• [0033]
    FIG. 3 is a diagram illustrating an example of a mock-up GUI for testing according to the present disclosure. A mock-up GUI for testing can include a mock-up GUI 300. A mock-up GUI 300 includes a number of abstract test user controls 312-1, 312-2, 312-3, 312-4, and 312-5, e.g., referred to generally as abstract test user controls 312.
  • [0034]
    The mock-up GUI 300 can be based on a proposed application and/or on a UI specification. The abstract test user controls 312 can be based on a number of proposed user controls. In the example of FIG. 3, the proposed application can be a login application.
  • [0035]
    The proposed user controls can include a number of text fields, labels, buttons, and/or graphics. The abstract test user controls 312 include abstract test user controls 312-1 and 312-3 that can represent text fields. The abstract test user control 312-1 can have a text attribute with a “Name” value and a show attribute with a “false” value, e.g., indicates that the text attribute is not displayed on the abstract test user control 312-1. The abstract test user control 312-3 can have a text attribute with a “Password” value and a show attribute with a “false” value.
  • [0036]
    The abstract test user controls 312-2 and 312-4 can represent labels. The abstract test user control 312-2 can have a text attribute with a “Name” value and a show attribute with a “true” value, e.g., indicates that the text attribute is displayed on the abstract test user control 312-2. The abstract test user control 312-4 can have a text attribute with a “Password” value and a show attribute with a “true” value. The abstract test user control 312-5 can represent a button. The abstract test user control 312-5 can have a text attribute with a “Login” value and a show attribute with a “true” value.
  • [0037]
    The mock-up GUI 300 can receive a number of user interactions. For example, the mock-up GUI 300 can allow a user to select, e.g., click, the abstract test user control 312-5. However, mock-up GUI 300 can be limited in that selecting the abstract test user control 312-5 can have no associated event, e.g., that is no representation of the functional specification.
  • [0038]
    The mock-up GUI 300 can include a representation, in the form of abstract test user controls 312, of some of the proposed user controls but not all of the proposed user controls. For example, the proposed application can define a cancel button, and graphics that are not represented in the mock-up GUI 300. Furthermore, the proposed application can define a login button that includes an image instead of the value “Login” as depicted in abstract test user controls 312-5 in mock-up GUI 300.
  • [0039]
    A mock-up test script can be created based on the mock-up GUI. For example, a user can interact with the mock-up GUI. A user's interaction can be recorded and associated with the mock-up test script. A user, for instance, can perform a first selection, e.g., a click, on the abstract test user control 312-1, a second selection on the abstract test user control 312-3, and a third selection on the abstract test user control 312-5. The first selection can be performed before the second selection which is performed before the third selection. The first selection, the second selection, and the third selection can be a structure, e.g., sequence of events, that is associated with the mock-up test script and/or the abstract test user controls 312.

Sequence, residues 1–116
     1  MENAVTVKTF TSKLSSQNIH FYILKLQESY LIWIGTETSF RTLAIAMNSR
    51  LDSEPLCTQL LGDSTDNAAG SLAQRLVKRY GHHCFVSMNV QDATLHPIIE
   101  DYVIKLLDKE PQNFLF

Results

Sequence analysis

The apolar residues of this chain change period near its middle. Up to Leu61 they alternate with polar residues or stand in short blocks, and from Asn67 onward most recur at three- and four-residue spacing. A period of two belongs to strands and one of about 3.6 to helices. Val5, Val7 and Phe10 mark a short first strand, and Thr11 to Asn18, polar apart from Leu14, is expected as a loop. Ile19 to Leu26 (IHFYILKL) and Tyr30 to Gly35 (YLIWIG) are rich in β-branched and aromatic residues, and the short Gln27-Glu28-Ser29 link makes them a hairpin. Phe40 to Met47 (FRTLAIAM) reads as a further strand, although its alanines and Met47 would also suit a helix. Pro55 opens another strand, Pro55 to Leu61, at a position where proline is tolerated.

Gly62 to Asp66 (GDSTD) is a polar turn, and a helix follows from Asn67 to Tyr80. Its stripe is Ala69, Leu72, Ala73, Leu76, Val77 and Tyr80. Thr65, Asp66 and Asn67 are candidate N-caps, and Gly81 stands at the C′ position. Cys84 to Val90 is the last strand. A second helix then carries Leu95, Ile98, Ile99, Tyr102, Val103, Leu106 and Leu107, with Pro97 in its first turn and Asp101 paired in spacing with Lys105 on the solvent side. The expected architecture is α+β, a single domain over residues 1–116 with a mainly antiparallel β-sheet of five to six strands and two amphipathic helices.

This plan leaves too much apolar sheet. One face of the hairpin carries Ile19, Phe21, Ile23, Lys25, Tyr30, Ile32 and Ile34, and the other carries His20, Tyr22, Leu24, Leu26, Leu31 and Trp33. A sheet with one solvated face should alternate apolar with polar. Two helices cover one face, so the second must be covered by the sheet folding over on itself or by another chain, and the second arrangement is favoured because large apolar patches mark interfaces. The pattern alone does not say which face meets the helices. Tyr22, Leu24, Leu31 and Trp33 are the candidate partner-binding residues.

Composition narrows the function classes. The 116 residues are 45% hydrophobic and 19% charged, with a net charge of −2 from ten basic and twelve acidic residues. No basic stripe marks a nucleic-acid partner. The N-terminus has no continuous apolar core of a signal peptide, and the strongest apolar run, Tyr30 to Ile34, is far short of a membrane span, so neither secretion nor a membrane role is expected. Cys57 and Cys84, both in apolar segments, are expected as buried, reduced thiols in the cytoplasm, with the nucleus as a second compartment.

• [0040]
    In a number of examples, the mock-up test script can define a number of events initiated by a user and may check the expected results from the user defined events. For example, the structure can define the events initiated by a user and check the expected results of those events if the mock-up GUI 300 contains the result of the action. In a number of examples, the test script can define a number of events initiated by a user and a number of expected results.
  • [0041]
    FIG. 4 is a diagram illustrating an example of an application according to the present disclosure. An application can be based on the proposed application. An application can include logic and a GUI 401. The GUI 401 is different than the mock-up GUI 300 in FIG. 3 because representations of all of the proposed user controls that are described in the proposed application are included in the GUI 401 in the form of user controls. The user controls include a window user control 420, an image user control 424, text field user control 426, a password field user control 428, label user controls 430-1 and 430-2, and button user controls 432-1 and 432-2.
  • [0042]
    Each of the user controls can be associated with a class and/or method that are particular to a programming language. The class and/or method associated with the user controls can define a specific set of attributes. The label user controls 430-1 and 430-2 can have an attribute that defines a number of characters in the text that is associated with the label. The label user control 430-1 can have a text attribute with a “User Name” while the label user control 430-2 can have a text attribute with a “Password” value. The text field user control 426 can have a text attribute that can initially be empty, e.g. a “ ” value. The password field user control 428 can have a text attribute that can also initially be empty. The button user control 432-1 can have an image attribute that has an image with an arrow as shown. The button user control 432-2 can have an image attribute that has an image with an “x” as shown. The image user control 424 can have an image attribute with a user icon. The window user control 420 CaO be a rectangle with a length attribute and a width attribute. Each of the user controls can have more attributes than those listed. For example, each of the user controls can have a location attribute that defines the location of the user control within the GUI 401.